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Study questions efficacy of popular drug in treating low back pain

While it may seem hard to believe, the leading cause of disability in the entire world is lower back pain. Indeed, studies have shown that the economic costs associated with this debilitating condition average an unbelievable $100 billion-plus per year here in the U.S.

When it comes to treating lower back pain, the treatment guidelines universally recommend that sufferers should be instructed to take paracetamol, a mild analgesic that can be found on drug store shelves everywhere.

Interestingly enough, a recently published study by Australian researchers found that paracetamol, otherwise known as acetaminophen, actually does almost nothing to help treat lower back pain.

The study, published in the latest edition of the medical journal The Lancet, involved 1,652 patients diagnosed with severe lower back pain being randomly assigned either paracetamol or placebos for treatment as needed or to take three times a day. They were then given regular advice and monitored for three months.

Somewhat surprisingly, the study found that there was virtually no difference between the two groups concerning the number of days needed to recover, with the placebo group averaging 16 days for recovery time and the paracetamol group averaging 17 days for recovery time.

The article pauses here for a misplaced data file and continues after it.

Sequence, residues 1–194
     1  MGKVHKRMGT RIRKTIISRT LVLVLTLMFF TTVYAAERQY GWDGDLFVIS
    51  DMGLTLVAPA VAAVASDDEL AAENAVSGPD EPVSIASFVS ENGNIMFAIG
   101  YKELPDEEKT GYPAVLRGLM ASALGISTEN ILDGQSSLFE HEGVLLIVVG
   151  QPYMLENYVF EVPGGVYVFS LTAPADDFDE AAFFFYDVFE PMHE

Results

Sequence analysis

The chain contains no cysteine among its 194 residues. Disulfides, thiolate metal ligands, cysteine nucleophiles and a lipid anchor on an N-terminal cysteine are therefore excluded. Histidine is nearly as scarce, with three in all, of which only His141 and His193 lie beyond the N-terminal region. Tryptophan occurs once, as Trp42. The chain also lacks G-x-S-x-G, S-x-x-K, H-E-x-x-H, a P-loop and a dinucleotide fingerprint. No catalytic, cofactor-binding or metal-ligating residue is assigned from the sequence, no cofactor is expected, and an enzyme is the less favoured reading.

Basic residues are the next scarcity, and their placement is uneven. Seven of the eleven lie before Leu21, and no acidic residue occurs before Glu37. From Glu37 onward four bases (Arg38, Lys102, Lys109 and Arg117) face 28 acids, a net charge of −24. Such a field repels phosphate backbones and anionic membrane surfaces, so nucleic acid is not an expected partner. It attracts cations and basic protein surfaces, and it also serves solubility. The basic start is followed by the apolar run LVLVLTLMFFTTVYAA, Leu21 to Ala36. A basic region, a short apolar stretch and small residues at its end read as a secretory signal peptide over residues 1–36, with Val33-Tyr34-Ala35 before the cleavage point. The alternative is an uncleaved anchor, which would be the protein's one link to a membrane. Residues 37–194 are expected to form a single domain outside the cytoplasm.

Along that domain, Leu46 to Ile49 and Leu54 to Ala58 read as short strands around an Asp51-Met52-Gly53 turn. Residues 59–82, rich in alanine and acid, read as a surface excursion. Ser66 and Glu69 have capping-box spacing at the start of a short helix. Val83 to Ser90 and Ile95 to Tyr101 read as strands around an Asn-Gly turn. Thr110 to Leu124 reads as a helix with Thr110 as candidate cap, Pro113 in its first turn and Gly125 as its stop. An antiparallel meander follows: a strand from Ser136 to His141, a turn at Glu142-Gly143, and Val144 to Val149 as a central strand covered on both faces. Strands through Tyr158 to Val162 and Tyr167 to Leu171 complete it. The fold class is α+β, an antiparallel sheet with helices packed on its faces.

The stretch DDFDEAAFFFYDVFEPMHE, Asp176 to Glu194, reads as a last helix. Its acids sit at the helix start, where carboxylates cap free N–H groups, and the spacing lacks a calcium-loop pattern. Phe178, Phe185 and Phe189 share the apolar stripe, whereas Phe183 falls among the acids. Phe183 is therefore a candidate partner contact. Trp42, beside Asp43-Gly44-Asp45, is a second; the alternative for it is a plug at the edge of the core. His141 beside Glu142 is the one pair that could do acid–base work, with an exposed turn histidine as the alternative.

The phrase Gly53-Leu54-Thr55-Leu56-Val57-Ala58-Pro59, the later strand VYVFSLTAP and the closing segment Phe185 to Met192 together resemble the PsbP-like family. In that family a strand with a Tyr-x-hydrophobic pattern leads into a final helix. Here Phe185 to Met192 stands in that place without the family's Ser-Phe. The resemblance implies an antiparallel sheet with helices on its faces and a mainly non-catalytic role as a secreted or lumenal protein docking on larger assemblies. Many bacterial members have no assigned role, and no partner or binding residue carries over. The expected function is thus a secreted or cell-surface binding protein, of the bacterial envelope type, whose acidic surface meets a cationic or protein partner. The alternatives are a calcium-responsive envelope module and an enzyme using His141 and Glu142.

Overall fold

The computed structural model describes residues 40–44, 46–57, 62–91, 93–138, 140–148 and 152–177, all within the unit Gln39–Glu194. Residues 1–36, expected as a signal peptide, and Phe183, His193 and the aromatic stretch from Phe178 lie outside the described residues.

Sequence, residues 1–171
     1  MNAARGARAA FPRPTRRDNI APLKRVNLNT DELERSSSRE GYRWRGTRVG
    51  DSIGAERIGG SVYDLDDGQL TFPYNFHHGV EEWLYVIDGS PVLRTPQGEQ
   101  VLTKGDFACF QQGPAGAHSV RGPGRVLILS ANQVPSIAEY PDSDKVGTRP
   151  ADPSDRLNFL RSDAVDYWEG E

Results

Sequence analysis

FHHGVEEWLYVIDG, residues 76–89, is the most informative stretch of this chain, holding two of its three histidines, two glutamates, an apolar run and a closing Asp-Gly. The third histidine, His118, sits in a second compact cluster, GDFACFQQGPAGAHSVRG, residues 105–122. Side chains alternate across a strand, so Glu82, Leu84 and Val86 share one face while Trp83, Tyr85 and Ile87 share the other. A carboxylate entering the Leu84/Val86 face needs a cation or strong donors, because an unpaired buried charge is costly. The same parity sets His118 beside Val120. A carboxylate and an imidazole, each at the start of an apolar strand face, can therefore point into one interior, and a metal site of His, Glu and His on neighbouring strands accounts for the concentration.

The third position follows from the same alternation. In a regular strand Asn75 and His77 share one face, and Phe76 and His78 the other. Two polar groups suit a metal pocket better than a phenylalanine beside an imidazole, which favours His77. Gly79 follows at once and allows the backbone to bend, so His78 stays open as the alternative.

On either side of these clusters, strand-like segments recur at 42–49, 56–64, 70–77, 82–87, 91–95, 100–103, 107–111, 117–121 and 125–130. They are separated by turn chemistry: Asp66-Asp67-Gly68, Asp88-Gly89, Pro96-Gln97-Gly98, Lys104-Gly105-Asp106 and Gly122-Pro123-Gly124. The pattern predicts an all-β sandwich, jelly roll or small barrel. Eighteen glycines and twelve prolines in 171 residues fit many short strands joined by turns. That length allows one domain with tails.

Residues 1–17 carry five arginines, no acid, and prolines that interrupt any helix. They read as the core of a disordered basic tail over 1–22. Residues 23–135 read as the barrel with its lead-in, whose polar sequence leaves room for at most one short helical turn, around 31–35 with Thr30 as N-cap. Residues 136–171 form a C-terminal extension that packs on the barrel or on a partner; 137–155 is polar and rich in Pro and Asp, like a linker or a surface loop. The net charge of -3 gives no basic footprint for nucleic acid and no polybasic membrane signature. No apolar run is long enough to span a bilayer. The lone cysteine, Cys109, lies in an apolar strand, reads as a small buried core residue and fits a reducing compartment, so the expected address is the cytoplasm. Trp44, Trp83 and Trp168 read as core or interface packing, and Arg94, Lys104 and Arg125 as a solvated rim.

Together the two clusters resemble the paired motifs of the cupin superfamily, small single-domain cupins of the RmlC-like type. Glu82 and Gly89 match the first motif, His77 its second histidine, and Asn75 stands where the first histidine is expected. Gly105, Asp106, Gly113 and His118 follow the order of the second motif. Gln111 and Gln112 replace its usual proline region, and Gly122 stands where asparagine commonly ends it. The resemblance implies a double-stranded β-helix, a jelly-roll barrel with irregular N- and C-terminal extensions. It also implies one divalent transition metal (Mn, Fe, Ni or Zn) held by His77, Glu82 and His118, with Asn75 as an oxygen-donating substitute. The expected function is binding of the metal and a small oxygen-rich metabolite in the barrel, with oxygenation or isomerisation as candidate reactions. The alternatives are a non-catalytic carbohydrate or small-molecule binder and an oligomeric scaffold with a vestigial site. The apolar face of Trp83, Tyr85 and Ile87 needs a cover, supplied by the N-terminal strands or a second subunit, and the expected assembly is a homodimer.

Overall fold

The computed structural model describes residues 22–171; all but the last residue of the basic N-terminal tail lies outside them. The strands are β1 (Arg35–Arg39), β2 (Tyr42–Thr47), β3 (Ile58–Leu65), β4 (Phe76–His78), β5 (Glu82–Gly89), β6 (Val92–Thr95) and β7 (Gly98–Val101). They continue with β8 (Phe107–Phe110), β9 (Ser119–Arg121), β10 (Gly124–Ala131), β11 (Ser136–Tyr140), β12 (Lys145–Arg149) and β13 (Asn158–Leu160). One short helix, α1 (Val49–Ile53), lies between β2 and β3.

Furthermore, the researchers noted no statistically significant difference between the two groups concerning function, quality of sleep, quality of life, short-term pain and even disability.

"We need to reconsider the universal recommendation to provide paracetamol as a first-line treatment," said one of the primary authors of the study.

Interestingly, the researchers conceded that they were uncertain as to why paracetamol, which has proven effective in treating everything from toothaches to headaches, was so ineffective in the treatment of lower back pain.

While the international medical community has welcomed the results of the study, many physicians did caution that further research was needed to test the efficacy of paracetamol in treating lower back pain. Still others indicated that the study was further proof of the need to explore treatment alternatives for this all-too-common condition.

Anyone suffering from severe back pain knows firsthand just how difficult it can be to treat and even endure. Fortunately, those whose condition prevents them from working despite their best efforts may be able to secure Social Security disability benefits to help them make ends meet.

Source: Yahoo! News, "Paracetamol no better than placebo for low back pain, study finds," Kate Kelland, July 24, 2014

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